1 Dec 2011

To print or not to print

I have to admit that one of the aspects of my job which I treasure the least is dealing with print journals -in every aspect: renewals, missing issues, shelving, the difficulties involved in measuring usage, repairing damaged issues, the idea that users have to physically visit the library to access them, and last but definitely not least, storage.

Aside from my view as a librarian however, as a user I would never consult a journal in print unless it were the only format accessible to me. I find online journals much more convenient and quicker to navigate, and if I really want to read an article in hard copy on the train for example, the option of printing is still there. But yet, my experience is that many users still prefer print journals over e-access only. This is obviously partly a function of the specific nature of the library and users in question, but I do find it strange when I see somebody standing over a photocopier with the latest BMJ when they can access it online from anywhere on-site - including their own desk - without even having the hassle of remembering usernames and passwords etc.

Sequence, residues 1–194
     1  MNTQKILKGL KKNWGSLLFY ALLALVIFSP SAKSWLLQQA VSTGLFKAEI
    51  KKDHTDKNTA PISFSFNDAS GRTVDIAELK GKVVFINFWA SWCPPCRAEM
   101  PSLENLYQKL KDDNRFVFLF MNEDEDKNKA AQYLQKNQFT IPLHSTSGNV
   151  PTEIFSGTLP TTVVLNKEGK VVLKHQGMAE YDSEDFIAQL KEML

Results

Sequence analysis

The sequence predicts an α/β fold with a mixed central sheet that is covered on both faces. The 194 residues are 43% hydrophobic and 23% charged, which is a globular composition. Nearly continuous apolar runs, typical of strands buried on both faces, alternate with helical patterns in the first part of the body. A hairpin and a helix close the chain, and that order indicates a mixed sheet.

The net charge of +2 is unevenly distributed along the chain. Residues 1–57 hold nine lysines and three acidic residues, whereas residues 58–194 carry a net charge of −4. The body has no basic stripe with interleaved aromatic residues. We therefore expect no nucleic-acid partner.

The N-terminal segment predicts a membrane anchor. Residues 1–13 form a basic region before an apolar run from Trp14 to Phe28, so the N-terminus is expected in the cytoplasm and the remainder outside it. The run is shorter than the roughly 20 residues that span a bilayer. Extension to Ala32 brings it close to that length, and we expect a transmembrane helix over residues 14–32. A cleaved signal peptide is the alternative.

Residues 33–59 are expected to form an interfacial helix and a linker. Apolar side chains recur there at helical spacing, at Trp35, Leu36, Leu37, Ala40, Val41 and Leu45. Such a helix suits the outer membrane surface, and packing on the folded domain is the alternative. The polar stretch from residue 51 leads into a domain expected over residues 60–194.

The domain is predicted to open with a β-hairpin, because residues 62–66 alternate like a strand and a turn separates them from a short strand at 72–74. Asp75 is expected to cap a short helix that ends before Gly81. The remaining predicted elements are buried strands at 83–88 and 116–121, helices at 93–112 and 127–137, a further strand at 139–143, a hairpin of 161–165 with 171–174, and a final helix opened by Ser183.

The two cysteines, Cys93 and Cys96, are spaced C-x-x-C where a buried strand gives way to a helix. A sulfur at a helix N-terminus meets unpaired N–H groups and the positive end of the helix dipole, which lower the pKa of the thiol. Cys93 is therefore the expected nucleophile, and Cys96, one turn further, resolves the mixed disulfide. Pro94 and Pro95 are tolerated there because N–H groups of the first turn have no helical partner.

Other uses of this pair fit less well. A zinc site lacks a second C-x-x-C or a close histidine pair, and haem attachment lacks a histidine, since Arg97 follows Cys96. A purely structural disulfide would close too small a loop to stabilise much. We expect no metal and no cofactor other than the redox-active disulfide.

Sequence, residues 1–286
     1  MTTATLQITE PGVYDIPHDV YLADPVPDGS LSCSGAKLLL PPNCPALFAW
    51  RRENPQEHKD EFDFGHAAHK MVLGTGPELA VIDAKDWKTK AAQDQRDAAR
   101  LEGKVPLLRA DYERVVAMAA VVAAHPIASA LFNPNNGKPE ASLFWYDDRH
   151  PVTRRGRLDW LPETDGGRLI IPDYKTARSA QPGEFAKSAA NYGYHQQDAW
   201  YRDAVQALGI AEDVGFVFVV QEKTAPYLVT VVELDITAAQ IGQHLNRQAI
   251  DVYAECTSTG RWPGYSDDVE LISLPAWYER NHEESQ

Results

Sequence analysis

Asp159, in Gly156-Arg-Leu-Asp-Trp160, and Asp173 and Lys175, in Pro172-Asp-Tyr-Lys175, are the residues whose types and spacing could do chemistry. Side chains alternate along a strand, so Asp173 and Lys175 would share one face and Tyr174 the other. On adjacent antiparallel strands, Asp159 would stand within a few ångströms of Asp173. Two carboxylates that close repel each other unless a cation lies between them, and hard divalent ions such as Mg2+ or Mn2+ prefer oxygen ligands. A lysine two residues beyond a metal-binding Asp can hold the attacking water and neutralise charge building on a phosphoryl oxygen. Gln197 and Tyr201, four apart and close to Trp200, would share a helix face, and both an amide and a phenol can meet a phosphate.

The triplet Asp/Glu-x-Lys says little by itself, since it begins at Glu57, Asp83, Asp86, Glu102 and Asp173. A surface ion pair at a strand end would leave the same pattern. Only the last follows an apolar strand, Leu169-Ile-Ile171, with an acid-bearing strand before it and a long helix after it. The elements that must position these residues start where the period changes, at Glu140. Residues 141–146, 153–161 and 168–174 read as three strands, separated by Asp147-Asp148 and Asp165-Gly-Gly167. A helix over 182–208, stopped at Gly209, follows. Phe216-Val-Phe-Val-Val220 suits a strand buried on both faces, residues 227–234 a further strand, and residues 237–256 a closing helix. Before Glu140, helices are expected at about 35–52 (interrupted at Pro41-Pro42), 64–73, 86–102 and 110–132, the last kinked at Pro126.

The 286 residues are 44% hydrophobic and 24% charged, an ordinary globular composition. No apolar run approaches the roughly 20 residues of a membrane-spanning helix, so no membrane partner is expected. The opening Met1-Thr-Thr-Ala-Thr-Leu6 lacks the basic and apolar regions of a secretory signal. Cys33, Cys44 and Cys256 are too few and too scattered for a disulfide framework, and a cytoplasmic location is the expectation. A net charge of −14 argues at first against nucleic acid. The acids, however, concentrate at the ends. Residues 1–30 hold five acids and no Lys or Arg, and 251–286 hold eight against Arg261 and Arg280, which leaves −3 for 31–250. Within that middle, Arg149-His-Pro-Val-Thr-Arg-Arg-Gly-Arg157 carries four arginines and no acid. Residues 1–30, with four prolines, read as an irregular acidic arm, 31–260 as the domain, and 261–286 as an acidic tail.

I ask myself if it is perhaps largely an awareness issue; maybe the library is not promoting electronic resources sufficiently? But no, I approach these same users and explain how they can access our journals online, and it seems to have no effect. I wonder is it habit? It can be difficult to change the way you do something after a long time, especially when it is something relatively trivial, such as the way in which you access research and information. Or maybe in fact, some users come to the library to get away from their desk, paperwork, their PCs and other distractions. If we stopped providing print journals would these individuals stop using the library altogether, rather than reluctantly switch to downloading pdfs instead? In some cases, I really do think so.

However, I still hate print journals.


Post a Comment